In 2016 lots of evangelicals voted for Donald Trump — I’ve heard EIGHTY-ONE PERCENT!!! did. Since then many Protestants have wanted to distance themselves from evangelicalism. They go by the name exvangelical. They even merit attention from elite media (though the video in question is no longer on-line). Of course, a primary reason for separation from evangelicalism is the movement’s identification with the Republican Party and especially the President.
One of the bigger names to leave evangelicalism over politics was Josh Harris. This is old news now, but the author responsible for setting guidelines on dating throughout the evangelical world since the 1990s, is no longer an evangelical. The reasons have a lot to do with the perceived bigotry of evangelical Christians regarding sex and marriage.
Harris’ popular book, I Kissed Dating Goodbye, came out twenty-two years ago. What Harris and people who have written about his deconversion may not understand is that around the time that his book on dating came out, other Protestants were leaving evangelicalism, not for unbelief but in search of something more substantial. Some like Thomas Howard in 1984 had already left evangelicalism for Roman Catholicism. Others like Robert Webber, a year later, had left evangelicalism for Anglicanism.
It took longer for Protestants in Presbyterian and Reformed circles to leave evangelicalism, but in the mid-1990s The Nicotine Theological Journal was one indication that evangelicalism was insufficient as an expression of Reformation era Protestantism. The lead article in the journal put it this way:
Then in the first decade of the twenty-first century came the Federal Vision, another attempt to think outside the box of pietism and moralism that figures like Josh Harris had cultivated with his books and church. Here is how one former Federal Vision proponent described the new group of exvangelicals:
We believe that one of the besetting problems of twentieth-century confessional Presbyterianism is the huge disparity between faith and practice. Conservative Reformed folk have been very good (for the most part) about doctrinal fidelity. But they have not been very astute about maintaining distinctively Reformed practices, and we believe that without the “plausibility structures” of these practices, Reformed orthodoxy will die a slow and painful death, which is another way of saying, it will have nothing to say about the way we daily order our lives. Confessional Presbyterians these days are virtually indistinguishable from any garden variety evangelical. They are involved in the work of their local churches, both on Sunday and throughout the week, they listen to Christian radio, subscribe to evangelical publications, watch wholesome television shows, and listen to Christian music. The odd thing, however, is that confessional Presbyterian theology is markedly different from the lowest-common denominator theology that holds evangelicalism together. Yet, conservative Presbyterians behave in remarkably similar ways.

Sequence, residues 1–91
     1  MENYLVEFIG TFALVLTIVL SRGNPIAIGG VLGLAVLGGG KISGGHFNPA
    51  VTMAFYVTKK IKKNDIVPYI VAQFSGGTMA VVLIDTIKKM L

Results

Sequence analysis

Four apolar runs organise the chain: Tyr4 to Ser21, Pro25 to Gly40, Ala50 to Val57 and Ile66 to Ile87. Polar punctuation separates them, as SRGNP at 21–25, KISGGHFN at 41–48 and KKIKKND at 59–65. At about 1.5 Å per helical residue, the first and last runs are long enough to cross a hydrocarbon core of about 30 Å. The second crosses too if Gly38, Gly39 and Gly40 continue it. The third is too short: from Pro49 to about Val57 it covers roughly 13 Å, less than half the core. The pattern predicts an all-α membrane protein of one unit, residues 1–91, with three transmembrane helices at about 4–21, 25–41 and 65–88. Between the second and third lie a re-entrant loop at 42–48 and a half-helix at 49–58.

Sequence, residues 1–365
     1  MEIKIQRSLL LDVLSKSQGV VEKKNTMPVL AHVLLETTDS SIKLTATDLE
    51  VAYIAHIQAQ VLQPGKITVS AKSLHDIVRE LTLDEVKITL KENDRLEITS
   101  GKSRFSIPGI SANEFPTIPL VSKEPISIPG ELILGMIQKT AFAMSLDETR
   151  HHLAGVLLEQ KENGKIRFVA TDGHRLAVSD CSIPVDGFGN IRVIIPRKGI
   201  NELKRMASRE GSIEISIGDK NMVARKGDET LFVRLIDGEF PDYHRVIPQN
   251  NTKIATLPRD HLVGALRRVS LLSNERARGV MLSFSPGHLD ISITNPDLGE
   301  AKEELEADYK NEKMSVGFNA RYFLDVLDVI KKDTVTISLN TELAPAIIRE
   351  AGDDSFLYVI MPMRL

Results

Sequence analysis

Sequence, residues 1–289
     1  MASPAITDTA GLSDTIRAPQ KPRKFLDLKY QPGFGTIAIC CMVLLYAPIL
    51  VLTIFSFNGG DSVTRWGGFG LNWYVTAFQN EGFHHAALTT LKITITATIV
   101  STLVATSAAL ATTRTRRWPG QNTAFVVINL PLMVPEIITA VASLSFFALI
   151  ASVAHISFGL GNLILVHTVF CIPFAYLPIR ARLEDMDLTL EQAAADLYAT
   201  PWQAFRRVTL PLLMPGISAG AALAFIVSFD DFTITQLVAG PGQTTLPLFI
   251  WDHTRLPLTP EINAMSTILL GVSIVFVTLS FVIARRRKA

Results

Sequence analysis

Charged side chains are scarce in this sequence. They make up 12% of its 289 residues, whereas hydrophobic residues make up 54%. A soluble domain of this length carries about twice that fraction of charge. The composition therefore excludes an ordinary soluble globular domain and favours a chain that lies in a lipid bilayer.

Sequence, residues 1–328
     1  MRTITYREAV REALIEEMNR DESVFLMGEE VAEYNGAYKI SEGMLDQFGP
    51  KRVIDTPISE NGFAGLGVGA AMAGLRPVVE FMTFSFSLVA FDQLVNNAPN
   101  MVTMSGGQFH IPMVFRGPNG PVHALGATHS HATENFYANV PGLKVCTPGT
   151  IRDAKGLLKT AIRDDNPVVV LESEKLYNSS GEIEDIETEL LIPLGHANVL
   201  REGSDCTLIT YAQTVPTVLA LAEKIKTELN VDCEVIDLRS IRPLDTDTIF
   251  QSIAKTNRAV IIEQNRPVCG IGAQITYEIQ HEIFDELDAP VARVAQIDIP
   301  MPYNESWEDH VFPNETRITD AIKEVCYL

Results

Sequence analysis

The more prominent topics of discussion, viewed from the FV perspective, were the role of the visible church and the ordinary means of grace in a Christian’s spiritual nurture and identity, the place of children in the covenant, and the way to understand cases of apostasy as they invariably occur. The relationship between God’s eternal decree—a matter on which all FV men agreed, and they agreed with the traditional “Dort” understanding of it—and the covenant, by which they meant the visible expression of the life of the Church, was really the primary topic of conversation. The central thesis of the initial FV message was that Christians ought to form their spiritual understanding through the ordinary means of grace and life together in the visible church, rather than waiting for a pronounced and often unusual subjective internal transformation of affections. Thus, they were arguing against what they saw as a “Baptistic” or “pietistic” life of faith and for a more churchly variety.
In most of these cases, whether turning to Rome, Canterbury, Edinburgh, or Geneva, the reason for leaving evangelicalism was the nature of the church and worship. Evangelicalism had too many praise songs, too many celebrities, too much moral posing in the culture shouting matches. The reason to leave wasn’t politics. It was religious figures like Josh Harris.